US ambassador to Armenia: Yerevan will have to return occupied territories
Baku, Azerbaijan, Oct. 16
By Fikret Dolukhanov – Trend:
Armenia will have to make compromises with Azerbaijan for resolving the Armenia-Azerbaijan Nagorno-Karabakh conflict, US Ambassador Richard Mills said in an interview with the Armenian website EVN Report.
Although the diplomat is hoping that the transition in Armenia will generate more discussion on what Armenia’s options are and what Armenia is prepared to accept, Mills says he is been struck by how little discussion there was in Armenia about what would have been or is an acceptable solution and compromise.
Mills said that he was surprised when he first got there and found out that most Armenians he met adamantly opposed returning the occupied territories as part of a negotiation settlement.
He noted that return of land was one of the core principles of the Madrid Principles.
The reality is that any settlement is going to require the return of some portion of the occupied territories, he added.
In 1997-1998, then President of Armenia Levon Ter-Petrosyan proposed a plan to resolve the Nagorno-Karabakh conflict, implying the demilitarization of the occupied territories and the return of a number of settlements to Azerbaijan.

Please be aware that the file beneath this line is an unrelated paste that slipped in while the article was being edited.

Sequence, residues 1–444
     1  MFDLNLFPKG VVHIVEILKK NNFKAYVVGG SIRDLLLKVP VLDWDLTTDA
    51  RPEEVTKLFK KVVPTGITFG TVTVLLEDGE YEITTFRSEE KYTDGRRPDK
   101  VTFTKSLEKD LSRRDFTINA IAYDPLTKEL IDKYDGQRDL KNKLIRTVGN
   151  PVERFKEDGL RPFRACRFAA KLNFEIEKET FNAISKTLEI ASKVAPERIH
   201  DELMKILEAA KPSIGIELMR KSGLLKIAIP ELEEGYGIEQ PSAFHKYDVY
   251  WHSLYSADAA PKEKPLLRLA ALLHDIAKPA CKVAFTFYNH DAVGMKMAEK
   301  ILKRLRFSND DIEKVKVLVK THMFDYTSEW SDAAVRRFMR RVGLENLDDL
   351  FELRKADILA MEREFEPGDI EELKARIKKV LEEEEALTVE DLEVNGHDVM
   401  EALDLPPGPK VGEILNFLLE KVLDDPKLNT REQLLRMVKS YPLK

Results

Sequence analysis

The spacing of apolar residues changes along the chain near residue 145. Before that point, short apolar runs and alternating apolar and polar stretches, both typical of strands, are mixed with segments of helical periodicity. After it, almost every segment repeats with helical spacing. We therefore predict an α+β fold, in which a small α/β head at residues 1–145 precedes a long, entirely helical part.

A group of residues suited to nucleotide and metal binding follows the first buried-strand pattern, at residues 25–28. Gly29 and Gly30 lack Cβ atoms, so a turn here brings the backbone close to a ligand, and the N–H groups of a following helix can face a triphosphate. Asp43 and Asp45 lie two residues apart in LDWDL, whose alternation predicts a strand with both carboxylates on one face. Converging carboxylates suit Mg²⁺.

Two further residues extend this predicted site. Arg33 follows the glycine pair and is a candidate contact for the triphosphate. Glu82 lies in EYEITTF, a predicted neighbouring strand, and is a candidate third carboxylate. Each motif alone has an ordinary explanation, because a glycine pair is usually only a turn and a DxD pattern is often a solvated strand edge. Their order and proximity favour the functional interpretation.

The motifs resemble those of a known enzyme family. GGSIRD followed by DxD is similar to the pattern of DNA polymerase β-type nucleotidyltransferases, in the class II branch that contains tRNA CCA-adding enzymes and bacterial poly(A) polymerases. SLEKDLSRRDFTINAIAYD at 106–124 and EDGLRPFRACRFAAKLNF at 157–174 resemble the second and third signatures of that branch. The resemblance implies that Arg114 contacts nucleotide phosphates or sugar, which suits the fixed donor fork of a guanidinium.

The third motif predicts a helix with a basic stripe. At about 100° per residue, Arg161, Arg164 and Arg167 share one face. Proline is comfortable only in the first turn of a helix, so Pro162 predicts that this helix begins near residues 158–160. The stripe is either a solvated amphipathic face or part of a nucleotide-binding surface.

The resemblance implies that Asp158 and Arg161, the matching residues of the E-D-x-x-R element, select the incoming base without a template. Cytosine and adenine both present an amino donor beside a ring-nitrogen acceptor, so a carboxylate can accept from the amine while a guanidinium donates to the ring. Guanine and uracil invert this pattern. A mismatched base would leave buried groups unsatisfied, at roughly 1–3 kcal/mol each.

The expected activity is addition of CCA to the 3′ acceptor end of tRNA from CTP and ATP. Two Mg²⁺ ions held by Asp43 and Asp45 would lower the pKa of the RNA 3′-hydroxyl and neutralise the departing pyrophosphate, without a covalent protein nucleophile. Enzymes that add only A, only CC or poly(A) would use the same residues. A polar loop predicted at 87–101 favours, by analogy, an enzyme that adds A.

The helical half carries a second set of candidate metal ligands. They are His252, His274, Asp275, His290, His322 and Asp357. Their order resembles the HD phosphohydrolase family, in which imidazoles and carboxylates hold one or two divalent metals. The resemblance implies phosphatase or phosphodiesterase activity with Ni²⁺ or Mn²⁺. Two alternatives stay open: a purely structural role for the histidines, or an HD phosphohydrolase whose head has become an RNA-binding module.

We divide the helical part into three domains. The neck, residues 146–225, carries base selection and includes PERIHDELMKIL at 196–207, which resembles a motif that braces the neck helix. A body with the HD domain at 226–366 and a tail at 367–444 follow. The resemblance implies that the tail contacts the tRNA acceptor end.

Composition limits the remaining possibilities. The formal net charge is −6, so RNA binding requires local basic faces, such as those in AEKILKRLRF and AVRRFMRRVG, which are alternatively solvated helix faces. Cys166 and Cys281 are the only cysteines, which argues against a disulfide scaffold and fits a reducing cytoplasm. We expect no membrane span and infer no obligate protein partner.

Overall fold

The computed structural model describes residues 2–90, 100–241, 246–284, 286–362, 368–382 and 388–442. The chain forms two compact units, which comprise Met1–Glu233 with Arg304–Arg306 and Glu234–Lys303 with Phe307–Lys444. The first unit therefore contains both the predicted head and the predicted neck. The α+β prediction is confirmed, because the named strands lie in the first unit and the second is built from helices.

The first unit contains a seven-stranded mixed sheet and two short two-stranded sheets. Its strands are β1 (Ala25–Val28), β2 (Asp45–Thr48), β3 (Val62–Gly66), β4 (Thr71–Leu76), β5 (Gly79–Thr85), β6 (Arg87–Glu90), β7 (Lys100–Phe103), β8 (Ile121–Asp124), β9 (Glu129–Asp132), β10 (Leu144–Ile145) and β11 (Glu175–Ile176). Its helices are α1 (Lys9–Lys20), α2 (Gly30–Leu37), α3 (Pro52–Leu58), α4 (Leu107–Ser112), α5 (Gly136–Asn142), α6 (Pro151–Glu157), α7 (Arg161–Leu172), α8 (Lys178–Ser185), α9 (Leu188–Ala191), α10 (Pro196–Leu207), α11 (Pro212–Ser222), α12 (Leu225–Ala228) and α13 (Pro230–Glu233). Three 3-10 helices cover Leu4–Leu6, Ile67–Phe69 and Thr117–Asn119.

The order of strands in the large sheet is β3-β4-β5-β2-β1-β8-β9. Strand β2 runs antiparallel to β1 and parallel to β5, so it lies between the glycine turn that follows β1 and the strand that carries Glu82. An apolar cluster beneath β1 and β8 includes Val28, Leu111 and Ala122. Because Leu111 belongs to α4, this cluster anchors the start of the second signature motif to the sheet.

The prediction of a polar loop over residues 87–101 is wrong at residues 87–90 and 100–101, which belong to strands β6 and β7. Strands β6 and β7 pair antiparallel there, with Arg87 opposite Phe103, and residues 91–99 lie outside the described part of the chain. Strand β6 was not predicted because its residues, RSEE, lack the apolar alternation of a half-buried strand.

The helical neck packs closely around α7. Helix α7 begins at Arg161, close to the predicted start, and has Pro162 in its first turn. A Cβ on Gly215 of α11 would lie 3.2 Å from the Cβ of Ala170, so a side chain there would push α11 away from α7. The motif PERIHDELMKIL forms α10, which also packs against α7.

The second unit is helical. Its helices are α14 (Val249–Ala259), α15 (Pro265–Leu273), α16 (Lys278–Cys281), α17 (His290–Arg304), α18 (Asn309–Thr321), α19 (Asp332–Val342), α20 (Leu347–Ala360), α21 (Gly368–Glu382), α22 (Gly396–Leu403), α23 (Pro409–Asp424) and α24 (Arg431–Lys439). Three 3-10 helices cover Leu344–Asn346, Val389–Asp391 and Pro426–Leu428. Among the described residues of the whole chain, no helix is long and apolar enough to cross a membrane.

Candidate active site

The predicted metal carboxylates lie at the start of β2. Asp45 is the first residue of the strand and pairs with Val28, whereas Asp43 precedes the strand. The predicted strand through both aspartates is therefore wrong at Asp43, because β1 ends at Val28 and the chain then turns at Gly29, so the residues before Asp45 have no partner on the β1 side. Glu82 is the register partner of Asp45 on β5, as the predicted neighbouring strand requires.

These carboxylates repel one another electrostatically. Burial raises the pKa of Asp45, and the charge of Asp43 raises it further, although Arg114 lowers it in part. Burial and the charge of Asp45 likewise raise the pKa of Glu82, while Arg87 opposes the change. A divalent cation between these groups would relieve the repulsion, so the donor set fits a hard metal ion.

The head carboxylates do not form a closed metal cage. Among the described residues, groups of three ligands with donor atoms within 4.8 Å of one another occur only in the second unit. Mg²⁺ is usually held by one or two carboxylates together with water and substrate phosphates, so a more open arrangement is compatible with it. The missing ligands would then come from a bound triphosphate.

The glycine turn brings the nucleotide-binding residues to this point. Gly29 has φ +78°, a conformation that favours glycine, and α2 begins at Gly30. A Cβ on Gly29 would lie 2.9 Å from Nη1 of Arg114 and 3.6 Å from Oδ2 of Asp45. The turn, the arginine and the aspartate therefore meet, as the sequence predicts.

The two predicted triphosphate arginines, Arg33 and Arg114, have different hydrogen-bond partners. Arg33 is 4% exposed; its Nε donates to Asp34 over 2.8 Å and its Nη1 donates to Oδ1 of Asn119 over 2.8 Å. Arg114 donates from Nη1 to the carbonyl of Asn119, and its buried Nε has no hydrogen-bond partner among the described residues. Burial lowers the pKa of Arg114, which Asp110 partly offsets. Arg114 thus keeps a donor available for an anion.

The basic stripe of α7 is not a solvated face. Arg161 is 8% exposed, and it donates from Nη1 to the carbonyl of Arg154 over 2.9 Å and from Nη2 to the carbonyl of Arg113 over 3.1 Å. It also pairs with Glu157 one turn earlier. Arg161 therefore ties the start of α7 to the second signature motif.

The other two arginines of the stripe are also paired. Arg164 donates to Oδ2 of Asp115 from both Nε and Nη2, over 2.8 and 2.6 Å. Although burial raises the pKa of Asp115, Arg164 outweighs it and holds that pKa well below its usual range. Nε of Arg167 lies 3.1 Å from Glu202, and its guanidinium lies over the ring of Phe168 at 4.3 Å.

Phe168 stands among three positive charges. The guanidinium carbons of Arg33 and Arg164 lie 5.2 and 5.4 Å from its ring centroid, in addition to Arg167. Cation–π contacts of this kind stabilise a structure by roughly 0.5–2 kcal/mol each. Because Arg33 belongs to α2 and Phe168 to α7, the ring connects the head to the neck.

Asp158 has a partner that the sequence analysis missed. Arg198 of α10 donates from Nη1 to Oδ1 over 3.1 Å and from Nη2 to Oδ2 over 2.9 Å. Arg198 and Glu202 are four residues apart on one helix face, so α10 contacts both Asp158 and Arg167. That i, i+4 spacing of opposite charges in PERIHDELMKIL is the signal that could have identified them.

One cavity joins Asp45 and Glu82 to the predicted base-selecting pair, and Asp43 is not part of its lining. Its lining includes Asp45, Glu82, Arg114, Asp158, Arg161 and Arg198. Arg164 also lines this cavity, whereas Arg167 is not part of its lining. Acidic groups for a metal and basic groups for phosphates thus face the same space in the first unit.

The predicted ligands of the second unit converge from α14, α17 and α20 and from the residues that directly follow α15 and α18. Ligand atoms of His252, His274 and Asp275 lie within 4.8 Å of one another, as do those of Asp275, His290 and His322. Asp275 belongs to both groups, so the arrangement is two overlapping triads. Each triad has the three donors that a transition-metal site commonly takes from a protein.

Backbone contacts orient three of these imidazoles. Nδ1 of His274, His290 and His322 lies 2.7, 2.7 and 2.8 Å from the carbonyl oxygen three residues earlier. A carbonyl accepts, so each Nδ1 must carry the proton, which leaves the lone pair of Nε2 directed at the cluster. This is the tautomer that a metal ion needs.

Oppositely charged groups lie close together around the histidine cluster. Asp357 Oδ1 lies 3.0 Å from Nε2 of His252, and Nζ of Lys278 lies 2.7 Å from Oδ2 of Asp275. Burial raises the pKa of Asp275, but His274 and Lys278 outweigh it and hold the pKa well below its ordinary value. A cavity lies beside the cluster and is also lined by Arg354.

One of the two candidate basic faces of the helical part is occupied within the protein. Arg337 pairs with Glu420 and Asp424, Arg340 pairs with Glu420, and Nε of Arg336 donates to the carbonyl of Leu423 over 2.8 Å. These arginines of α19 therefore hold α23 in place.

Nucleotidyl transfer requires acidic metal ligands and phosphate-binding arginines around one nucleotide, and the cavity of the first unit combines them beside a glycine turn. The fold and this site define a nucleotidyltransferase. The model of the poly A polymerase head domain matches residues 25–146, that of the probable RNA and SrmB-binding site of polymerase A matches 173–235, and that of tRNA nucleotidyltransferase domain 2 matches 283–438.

As a result, Prime Minister Robert Kocharyan, Minister of Internal Affairs and National Security Serzh Sargsyan and Minister of Defense Vazgen Sargsyan, dissatisfied with such a plan, actually forced him to resign before the completion of his term of office - February 3, 1998.
This led to 20 years of the Karabakh clan rule in Yerevan, which showed no intention to compromise and was incapable of conducting constructive negotiations.
Nikol Pashinyan, who became prime minister of Armenia as a result of a velvet revolution, who was sometimes considered a protege of Ter-Petrosyan, stayed in people's memory in 2015 by his statement about the need to return the occupied districts around Nagorno-Karabakh.
Since the moment of coming to power, Pashinyan changed the rhetoric and has already started to talk about the "need for representatives of the separatist regime to participate in the talks".
But in his recent interview with France 24, he stated that Armenia has not raised and does not raise the issue of changing the negotiation process on the Nagorno-Karabakh conflict.
"The negotiation process must continue in the OSCE Minsk Group co-chairmanship format," Pashinyan said.
The conflict between the two South Caucasus countries began in 1988 when Armenia made territorial claims against Azerbaijan. As a result of the ensuing war, in 1992 Armenian armed forces occupied 20 percent of Azerbaijan, including the Nagorno-Karabakh region and seven surrounding districts.
The 1994 ceasefire agreement was followed by peace negotiations. Armenia has not yet implemented four UN Security Council resolutions on withdrawal of its armed forces from the Nagorno-Karabakh and the surrounding districts.
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